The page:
Encyclopedia of Shinto

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カテゴリー1: 5. Rites and Festivals
カテゴリー2: Shrine Rituals
A rite in which heihaku offerings are presented to the kami by the emperor or the state. There are both annual and occasional versions of hōbeisai. The Jingiryō establishes nineteen annual hōbeisai, beginning with kinensai in spring. It also sets down that "offerings, rites and celebration days should follow a different ceremonial for each festival". A "different ceremonial" refers to the different regulations governing offerings (shinsen) and tribute (heihaku). The text also specifies that "on the occasion of the Kinensai and Tsukinamisai officials shall assemble at the Jingikan, where the Nakatomi shall recite norito and the Inbe shall apportion the offerings. Next, the offerings shall be distributed to the provincial shrines where rituals shall be performed". It was also stated that, "with the exception of calendrically scheduled rites, diviners of the fifth rank or above were to be dispatched with offerings to the various shrines." Since the category of calendrically scheduled rites included all the festivals after the kinensai, it can be concluded that these officials were in charge of bearing the offerings for occasional rites. According to Engishiki, 3,132 shrines received at the time of the kinensai. These shrines received different treatment in terms of offerings made, the style of offering, and the officials appointed to serve as emissaries. Of the 3,132 shrines receiving tribute, 492 were classified as major shrines, and 2,640 as lesser shrines. 304 of the major shrines received tribute from a Jingikan emissary who placed the offerings on top of an offertory table, while the remaining 188 received it from the provincial governor. Of the lesser shrines, 433 were visited by a Jingikan emissary who placed the offerings beneath the offertory table, while provincial governors were responsible for tribute presented to the remaining 2,207. Books 9 and 10 of Engishiki, which record the names of the deities receiving tribute, are referred to as Jinmeichō. Book 3 of the Engishiki, which is concerned with regulations for occasional festivals, including prayers for rain (kiushiu) such as Kamutoki no kami matsuri, Kamanari oshizumuru matsuri, specifies the deities who are to receive tribute. After having undergone various changes, the tribute system finally died out during the medieval period. However, its spirit was revived as part of the reorganization of shrines after the Meiji Restoration. The Meiji system used the term hōbei to refer to offerings related to the imperial household and heihaku kyōshin to designate the distribution of offerings to shrines. Under the system, all shrines from major imperial shrines (kanpei taisha) to village shrine received tribute from the imperial household and the national treasury on occasions including their annual festivals,kinensaiand niinamesai. After the war, the system of state tribute was abolished as part of the separation of religion and the state.  The only exception were the Grand Shrines of Ise, which continued to receive tribute from the imperial household. However, the tradition continued in the form of tribute offered by the Association of Shinto Shrines on the annual festivals of shrines under its jurisdiction.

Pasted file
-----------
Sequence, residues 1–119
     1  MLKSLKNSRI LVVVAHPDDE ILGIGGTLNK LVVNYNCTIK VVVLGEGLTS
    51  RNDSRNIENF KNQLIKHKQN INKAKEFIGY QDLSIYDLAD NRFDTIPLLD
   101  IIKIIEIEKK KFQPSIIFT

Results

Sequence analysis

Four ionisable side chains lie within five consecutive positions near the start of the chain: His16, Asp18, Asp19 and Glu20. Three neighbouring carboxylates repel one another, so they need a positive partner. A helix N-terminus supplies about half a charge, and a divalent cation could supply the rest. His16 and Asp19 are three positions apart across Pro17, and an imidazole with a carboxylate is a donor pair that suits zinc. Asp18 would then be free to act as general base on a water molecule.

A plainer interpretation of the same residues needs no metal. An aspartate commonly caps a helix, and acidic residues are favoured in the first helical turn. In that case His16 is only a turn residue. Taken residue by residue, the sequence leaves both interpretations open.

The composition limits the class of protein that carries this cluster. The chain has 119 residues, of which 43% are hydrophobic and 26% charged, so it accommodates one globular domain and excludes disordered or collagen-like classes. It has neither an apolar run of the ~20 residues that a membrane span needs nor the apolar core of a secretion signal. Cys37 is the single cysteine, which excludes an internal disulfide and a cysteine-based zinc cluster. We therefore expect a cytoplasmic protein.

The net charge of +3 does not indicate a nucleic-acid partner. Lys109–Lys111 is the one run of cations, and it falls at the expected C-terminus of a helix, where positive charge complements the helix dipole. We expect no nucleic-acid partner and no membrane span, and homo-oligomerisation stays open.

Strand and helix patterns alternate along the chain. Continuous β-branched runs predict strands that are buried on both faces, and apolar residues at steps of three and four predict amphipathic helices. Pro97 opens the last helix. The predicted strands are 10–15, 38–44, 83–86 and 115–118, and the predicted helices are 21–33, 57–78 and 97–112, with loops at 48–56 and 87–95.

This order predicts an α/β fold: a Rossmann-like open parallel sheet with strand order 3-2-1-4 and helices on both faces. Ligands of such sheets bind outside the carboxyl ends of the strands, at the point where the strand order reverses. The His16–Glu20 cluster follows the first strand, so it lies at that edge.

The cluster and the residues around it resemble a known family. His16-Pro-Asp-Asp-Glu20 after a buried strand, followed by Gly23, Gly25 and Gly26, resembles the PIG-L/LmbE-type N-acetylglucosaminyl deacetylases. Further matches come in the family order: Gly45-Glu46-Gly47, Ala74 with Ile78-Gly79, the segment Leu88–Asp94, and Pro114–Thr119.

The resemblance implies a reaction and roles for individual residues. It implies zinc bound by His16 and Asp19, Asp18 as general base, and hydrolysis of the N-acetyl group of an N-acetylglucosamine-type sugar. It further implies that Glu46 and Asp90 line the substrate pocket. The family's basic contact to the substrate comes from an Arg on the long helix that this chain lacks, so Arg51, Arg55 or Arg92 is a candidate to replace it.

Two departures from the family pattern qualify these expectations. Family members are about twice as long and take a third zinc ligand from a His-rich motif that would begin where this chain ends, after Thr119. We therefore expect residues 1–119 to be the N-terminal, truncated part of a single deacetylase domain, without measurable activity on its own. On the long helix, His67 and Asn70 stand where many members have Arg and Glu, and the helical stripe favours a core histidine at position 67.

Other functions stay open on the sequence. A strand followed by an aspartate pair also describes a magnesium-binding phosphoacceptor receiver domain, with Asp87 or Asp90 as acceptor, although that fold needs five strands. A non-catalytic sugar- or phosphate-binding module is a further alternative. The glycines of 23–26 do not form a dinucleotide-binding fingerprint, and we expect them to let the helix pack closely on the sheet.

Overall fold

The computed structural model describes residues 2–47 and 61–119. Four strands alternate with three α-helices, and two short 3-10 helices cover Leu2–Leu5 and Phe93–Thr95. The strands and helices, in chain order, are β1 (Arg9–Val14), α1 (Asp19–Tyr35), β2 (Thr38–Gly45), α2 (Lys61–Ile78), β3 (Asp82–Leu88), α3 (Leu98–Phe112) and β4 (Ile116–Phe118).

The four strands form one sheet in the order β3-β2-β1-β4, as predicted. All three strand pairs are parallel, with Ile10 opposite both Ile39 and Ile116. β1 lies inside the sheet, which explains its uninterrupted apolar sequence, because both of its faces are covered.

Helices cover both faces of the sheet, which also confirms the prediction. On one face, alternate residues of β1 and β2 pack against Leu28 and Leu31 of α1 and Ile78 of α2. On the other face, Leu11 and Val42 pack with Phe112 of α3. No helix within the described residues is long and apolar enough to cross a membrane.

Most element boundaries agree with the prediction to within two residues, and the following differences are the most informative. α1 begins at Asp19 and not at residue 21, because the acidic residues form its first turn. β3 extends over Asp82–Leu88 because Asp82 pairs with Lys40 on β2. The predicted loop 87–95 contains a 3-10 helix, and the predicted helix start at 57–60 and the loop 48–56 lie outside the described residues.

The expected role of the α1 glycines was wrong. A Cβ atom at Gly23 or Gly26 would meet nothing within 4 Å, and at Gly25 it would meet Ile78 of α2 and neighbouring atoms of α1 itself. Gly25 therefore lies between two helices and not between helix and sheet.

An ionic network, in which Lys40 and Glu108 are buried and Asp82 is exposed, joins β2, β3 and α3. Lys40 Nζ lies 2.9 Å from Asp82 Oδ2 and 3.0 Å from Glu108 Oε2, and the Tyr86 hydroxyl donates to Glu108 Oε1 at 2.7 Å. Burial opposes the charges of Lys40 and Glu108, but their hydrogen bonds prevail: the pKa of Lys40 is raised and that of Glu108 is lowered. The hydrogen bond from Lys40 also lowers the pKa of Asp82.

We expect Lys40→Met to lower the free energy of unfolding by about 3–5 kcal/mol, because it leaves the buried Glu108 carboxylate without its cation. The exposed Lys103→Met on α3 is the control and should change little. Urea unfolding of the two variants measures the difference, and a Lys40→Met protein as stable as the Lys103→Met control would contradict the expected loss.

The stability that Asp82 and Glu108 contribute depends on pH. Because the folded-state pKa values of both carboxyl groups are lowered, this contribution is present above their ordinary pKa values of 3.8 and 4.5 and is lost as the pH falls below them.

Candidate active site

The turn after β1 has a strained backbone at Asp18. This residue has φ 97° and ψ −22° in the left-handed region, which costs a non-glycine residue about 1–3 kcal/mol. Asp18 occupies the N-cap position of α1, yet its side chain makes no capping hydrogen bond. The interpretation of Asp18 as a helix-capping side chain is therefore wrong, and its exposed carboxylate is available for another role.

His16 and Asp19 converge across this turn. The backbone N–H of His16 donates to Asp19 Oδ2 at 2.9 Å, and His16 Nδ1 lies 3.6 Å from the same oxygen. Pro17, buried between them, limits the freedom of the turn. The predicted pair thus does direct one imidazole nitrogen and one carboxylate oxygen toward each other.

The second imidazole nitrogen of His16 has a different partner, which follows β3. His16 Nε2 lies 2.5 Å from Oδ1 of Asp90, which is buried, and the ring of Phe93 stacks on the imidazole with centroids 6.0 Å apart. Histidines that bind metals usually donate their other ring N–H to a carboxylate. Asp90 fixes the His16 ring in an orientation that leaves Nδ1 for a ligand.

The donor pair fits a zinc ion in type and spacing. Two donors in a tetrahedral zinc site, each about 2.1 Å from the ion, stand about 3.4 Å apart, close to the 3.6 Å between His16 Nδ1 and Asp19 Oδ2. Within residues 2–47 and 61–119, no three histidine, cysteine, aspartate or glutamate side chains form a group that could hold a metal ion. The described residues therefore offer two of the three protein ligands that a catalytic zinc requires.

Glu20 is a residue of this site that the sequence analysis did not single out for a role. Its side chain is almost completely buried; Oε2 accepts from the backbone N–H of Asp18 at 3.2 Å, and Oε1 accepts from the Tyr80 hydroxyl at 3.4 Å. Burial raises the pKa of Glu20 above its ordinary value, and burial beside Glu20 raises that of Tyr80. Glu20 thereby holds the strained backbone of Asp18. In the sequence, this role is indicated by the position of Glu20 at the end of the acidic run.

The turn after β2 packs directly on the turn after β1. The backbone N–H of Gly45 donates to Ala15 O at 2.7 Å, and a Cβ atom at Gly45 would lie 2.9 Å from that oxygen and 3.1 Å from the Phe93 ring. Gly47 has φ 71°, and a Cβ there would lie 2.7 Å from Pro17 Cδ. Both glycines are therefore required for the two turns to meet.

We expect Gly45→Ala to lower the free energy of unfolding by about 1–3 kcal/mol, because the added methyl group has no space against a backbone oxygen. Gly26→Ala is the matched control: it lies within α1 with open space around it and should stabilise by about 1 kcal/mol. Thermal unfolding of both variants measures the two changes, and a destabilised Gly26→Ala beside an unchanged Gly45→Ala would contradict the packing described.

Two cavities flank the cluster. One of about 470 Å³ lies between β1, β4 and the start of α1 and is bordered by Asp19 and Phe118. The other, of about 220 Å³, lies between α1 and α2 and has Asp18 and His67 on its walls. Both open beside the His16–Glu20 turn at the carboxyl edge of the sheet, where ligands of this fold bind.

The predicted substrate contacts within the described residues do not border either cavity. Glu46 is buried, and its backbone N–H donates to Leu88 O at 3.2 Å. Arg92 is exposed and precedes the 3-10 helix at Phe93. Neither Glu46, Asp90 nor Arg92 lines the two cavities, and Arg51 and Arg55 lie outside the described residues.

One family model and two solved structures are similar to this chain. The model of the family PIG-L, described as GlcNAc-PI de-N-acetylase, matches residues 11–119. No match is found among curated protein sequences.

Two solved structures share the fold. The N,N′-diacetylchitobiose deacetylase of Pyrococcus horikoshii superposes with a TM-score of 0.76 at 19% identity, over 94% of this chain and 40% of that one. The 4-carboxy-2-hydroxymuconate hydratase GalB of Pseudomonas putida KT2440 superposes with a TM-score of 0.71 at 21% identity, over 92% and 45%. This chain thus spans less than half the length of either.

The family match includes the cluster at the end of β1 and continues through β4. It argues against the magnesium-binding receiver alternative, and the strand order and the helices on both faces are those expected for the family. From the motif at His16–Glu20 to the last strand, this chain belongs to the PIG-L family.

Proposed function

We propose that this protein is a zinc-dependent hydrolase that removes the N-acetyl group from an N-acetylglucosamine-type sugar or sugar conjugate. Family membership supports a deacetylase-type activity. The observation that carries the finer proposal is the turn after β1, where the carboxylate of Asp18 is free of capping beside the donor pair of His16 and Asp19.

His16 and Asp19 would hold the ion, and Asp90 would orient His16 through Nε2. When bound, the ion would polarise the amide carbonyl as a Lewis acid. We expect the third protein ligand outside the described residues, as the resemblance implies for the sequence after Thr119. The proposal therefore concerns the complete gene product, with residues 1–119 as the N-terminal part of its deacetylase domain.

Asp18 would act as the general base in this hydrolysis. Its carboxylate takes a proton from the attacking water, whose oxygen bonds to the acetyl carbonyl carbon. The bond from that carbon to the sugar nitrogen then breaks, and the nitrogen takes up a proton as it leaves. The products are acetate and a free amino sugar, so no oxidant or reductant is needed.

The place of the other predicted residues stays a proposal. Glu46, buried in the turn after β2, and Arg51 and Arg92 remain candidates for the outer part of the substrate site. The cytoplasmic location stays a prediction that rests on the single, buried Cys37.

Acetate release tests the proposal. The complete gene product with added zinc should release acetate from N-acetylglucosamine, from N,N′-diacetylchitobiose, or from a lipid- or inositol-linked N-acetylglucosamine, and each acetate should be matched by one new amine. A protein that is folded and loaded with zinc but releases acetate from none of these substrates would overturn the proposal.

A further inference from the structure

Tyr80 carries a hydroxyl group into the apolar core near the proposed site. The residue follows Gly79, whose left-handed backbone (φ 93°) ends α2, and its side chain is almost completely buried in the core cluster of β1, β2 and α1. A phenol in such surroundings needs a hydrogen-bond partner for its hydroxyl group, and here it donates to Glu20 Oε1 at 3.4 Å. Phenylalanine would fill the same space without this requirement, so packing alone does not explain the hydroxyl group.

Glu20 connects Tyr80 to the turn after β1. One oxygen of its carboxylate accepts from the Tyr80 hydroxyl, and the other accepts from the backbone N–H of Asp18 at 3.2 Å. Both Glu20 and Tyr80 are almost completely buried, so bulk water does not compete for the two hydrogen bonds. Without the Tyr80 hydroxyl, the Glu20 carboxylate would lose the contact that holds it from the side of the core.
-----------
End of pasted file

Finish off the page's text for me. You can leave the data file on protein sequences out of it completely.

— Motegi Sadasumi

Pronunciation in Japanese/用語音声

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